The International Committee of the Red Cross (ICRC), attempting to help Arabs in Samaria take over a plot of land bordering the Tapuach Junction checkpoint, says it will return tomorrow to complete the project.
Early Sunday morning, IDF soldiers at the Tapuach checkpoint were surprised to see an empty field suddenly come to life. Some 50 local Arabs, accompanied by three Red Cross jeeps, arrived on the scene for an attempted “land grab.” Eyewitnesses said they saw Arabs emerging from the jeeps.
Over the past decade, a local Jewish shepherd has grazed his goats on the large plot of land, which borders the southwest part of the large junction and which has not been cultivated in many years, if ever. Despite this, the Arabs, with mules and small tractors, spread out over the area and began clearing it.
Major Change of Status Quo
The checkpoint junction is traversed by hundreds of Jewish cars each day; for the land in question to become “Arab” would be a major change of the status quo.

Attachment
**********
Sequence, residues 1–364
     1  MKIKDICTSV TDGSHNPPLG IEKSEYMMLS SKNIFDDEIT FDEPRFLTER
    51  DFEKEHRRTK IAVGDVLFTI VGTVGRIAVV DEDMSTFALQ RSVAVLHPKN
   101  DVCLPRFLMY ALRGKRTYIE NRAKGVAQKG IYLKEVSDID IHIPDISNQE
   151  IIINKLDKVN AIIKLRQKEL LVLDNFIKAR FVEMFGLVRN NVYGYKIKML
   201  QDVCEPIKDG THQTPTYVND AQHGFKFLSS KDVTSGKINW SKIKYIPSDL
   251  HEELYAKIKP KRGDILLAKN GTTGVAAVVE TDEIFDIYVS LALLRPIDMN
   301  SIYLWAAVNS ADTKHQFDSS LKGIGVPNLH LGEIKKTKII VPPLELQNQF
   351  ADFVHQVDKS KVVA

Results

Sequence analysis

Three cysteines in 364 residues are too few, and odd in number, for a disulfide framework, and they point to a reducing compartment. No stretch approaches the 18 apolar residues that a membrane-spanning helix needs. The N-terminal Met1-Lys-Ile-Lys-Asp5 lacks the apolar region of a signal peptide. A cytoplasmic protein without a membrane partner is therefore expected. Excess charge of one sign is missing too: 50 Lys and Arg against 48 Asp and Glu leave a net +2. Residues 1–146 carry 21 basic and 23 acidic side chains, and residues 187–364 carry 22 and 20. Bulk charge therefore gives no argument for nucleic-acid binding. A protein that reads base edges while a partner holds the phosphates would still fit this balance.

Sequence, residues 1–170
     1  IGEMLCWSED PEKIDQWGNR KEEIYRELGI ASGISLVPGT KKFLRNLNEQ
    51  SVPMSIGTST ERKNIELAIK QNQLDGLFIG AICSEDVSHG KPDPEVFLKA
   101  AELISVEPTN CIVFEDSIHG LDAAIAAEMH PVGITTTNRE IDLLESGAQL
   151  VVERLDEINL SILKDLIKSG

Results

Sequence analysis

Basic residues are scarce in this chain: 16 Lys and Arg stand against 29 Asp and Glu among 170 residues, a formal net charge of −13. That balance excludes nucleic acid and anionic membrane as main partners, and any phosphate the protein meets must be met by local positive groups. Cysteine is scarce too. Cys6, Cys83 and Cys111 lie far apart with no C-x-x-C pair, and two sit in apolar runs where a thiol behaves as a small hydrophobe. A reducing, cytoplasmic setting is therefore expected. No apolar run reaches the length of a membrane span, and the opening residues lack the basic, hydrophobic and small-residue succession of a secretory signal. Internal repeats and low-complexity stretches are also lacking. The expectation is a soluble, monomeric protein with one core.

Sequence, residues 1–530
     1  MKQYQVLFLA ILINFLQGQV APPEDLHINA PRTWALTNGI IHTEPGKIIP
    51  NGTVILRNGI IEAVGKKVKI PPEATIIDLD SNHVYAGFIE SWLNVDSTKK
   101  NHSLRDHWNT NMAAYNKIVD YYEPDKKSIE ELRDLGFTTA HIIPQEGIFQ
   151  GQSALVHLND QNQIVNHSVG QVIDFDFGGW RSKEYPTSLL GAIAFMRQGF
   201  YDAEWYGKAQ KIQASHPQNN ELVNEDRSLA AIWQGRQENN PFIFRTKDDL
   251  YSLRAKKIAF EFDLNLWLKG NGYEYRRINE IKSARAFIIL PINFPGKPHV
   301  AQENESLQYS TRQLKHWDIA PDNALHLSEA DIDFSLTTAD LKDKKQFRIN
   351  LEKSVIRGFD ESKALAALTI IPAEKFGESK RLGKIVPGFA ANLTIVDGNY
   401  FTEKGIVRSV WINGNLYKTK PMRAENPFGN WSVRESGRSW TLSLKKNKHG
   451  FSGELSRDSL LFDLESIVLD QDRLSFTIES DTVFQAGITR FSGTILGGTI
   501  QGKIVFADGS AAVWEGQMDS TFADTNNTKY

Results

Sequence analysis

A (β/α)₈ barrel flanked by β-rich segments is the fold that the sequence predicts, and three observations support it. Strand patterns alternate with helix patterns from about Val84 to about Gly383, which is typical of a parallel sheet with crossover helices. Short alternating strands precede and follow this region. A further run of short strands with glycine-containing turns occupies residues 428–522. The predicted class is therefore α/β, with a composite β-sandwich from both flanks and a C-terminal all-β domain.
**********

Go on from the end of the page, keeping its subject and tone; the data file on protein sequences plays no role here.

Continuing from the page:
After a short while, the IDF soldiers on the scene ordered the Arabs to stop working and to leave the area until they provide documentation that the land is theirs.
Israel National News contacted the International Committee of the Red Cross (ICRC) to ask why its jeeps were there and in what capacity they were accompanying the Arabs. The spokesperson originally surmised that its vehicles could not have been there, but upon being shown the photographic evidence, she promised to investigate, and in fact later returned with a response.
"Mis-Coordination With the IDF"
The spokesperson explained that the ICRC is in fact helping the Arabs in question "rehabilitate" the plot of land near Tapuach, and that though actions of this type are always taken with the IDF's consent, this time there was a "mis-coordination."
She promised that the ICRC would return tomorrow (Monday) to the site to complete the "reclamation" of the land.
The spokesperson further said that the ICRC's mandate is not only to help victims of armed conflict, but also to provide "protection, assistance and economical security" for a "small period of time" to those who are in "dire need." Asked if Jews could also apply to the ICRC for such assistance in the case that they are actively thrown off their land, she acknowledged that this was unlikely, as "our mandate is basically for those under occupation... Israel is a democracy with organizations and bodies to which citizens could apply for help." She brushed off suggestions that Arabs in need could apply to the Palestinian Authority for help.